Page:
agriculture, industry, and business

Settlers from the east, most of whom were farmers, quickly increased the population of the young county. In fact, the economy of Madison County, like that of the majority of the state, has been primarily agrarian since the settlement period. Corn was the most important crop raised by early Madison County farmers. The soil proved fertile for raising other crops as well, including rye, oats, hemp--first grown in 1775--and flax.

Tobacco became a valuable cash crop very early in the county's history, and by 1787 the Madison Court used tobacco as a medium of exchange. Farmers stored their cut tobacco in large privately owned wooden warehouses before inspection and weighing by court-appointed inspectors. In fact, three tobacco warehouses operated in Madison County by 1798. Tobacco production and warehouse activity continued to increase, and tobacco remained one of the most important crops for Madison County farmers throughout the nineteenth century. With the introduction of burley tobacco in the late nineteenth century, production of the leaf quickly dominated Madison county agriculture. Since then, income from burley has constituted a major portion of the county's revenue.

Beef cattle, hogs, and mules combined to make Madison County the largest livestock producer in the state by the 1840s. The county also remained Kentucky's leading wool and sheep producer well into the nineteenth century. Although early residents never established horse breeding farms on the scale of those in the central Bluegrass, the raising, racing, and sale of horses was a pursuit of many farmers, with some Madison countians becoming horse enthusiasts. The county was second in the state in cattle production in 1870, outranked only by Bourbon County. Beef cattle continue to be important in this county where more that two-thirds of the land is devoted to agriculture.

Industries also played a vital role in the early economic development of Madison County. Distilleries were operating on the south side of the Kentucky River by 1783. The production of distilled liquor from corn became a profitable enterprise, competing with the raising of tobacco and livestock as the primary economic activity throughout the nineteenth century in Madison County.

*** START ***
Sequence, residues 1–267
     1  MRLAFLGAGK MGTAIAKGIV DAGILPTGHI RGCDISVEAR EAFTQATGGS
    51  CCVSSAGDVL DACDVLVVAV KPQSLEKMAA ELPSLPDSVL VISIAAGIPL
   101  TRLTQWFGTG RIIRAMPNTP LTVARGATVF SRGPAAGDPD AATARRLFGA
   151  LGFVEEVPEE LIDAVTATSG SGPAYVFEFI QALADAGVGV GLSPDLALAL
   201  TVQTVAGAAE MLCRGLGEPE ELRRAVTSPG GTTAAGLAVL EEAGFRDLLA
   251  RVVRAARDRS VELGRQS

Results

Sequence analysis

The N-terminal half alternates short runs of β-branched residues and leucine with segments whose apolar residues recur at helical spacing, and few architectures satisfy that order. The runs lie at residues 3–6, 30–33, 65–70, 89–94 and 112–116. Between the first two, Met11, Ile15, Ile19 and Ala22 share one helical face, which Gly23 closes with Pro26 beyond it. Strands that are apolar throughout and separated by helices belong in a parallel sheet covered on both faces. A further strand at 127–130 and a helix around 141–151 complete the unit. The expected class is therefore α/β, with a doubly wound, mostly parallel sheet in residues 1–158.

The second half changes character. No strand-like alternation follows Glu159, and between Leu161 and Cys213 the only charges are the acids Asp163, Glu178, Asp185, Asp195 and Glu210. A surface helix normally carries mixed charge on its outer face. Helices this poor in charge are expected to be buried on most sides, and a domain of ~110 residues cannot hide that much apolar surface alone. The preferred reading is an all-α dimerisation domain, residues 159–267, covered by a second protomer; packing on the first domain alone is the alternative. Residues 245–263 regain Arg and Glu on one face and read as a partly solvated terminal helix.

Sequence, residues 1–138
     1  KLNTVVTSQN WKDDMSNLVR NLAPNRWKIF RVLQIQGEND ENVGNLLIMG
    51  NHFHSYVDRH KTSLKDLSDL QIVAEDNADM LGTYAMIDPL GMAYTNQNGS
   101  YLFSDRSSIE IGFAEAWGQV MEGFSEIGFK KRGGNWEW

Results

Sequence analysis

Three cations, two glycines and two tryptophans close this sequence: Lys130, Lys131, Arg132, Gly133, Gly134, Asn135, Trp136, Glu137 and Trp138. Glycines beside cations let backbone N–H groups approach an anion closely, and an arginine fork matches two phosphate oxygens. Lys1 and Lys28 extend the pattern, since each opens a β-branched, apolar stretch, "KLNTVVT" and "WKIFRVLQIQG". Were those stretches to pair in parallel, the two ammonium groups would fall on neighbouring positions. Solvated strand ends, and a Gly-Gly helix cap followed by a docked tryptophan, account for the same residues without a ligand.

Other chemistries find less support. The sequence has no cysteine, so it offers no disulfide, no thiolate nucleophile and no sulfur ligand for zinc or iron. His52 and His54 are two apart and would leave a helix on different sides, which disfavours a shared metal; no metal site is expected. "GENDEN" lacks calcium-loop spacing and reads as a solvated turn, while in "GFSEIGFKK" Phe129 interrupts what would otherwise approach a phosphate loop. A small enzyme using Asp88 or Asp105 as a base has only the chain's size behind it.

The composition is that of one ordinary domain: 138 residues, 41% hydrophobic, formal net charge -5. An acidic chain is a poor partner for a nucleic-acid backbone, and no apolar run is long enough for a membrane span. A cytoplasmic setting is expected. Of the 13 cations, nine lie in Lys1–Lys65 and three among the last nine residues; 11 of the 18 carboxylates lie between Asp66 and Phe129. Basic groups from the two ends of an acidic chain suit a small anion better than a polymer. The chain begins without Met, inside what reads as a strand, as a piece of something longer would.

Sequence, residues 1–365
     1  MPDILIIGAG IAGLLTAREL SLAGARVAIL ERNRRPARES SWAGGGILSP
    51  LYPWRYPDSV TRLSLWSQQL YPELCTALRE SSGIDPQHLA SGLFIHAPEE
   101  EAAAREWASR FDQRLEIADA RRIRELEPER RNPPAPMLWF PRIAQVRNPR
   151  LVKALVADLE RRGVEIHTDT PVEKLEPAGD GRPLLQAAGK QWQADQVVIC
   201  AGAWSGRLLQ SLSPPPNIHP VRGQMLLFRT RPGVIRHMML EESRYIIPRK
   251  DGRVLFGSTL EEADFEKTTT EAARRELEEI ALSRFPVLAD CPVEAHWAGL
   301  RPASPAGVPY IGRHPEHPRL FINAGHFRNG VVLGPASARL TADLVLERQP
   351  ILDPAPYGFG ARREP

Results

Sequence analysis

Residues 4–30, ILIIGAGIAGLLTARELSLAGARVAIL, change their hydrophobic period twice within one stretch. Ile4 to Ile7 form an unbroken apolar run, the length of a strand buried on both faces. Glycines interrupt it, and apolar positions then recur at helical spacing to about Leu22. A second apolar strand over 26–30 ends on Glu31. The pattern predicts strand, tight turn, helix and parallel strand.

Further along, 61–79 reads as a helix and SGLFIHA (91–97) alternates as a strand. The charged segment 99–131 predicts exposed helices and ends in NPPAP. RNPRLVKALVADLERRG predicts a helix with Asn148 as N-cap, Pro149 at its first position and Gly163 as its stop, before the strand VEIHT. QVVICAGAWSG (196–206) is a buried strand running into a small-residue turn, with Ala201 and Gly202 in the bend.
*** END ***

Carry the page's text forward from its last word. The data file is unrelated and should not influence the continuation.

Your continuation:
Numerous industries such as hemp rope factories, furniture-making shops, a cotton- spinning mill, wool-carding factories, and a nail factory flourished in the early nineteenth century. Madison County had fifty-four establishments for manufacturers by 1860, the largest of these producing staple provisions, followed by the production of distilled liquors. The industrial establishments remained essentially unchanged until 1885 when a new creamery opened. These types of industrial interests continued to be important until after World War II. At that time a number of light manufacturing plants such as Gibson Greeting Cards and Westinghouse began producing in Madison County.

Businesses were established and expanded as agrarian wealth increased and as demand for services and merchandise grew. Colonel John Miller's Tavern, a log house located on the corner of First and Main Streets in Richmond, served as the first hotel in Madison County. In the first half of the nineteenth century, taverns, called ordinaries, served as social centers for the county's predominantly rural population. They were usually located on major routes between towns and settlements. Agricultural production also led to a diversity of retail and processing businesses by the 1840s: farm implement stores, blacksmith shops, and tanneries, as well as furniture stores, tailors, booteries, millineries, and dry goods stores.

Although a volunteer fire department had been established by 1817, Richmond's businesses suffered from many fire disasters throughout the nineteenth century. Nevertheless, according to an 1876 D.G. Beers and Company Map, a variety of businesses operated in the town. Eight attorneys, two physicians, one dentist, one jeweler, and one insurance salesman offered their services in Richmond. In addition, there were four banks, three livery stables, one furniture store, three clothing stores, two hotels, and one distillery.

Some of Madison County's biggest internal changes from 1850 to 1900 were evident in the increasing number of its business institutions, especially newspapers and banks, organized by prominent citizens such as James B. McCreary, Alexander Tribble, William M. Irvine, and J. Stone Walker. The Berea Citizen has published continuously from 1899 to the present. Also, the Irvine and Walker Bank, begun in 1874 and reorganized in 1897, continues today after a series of merges as Bank One of Madison County.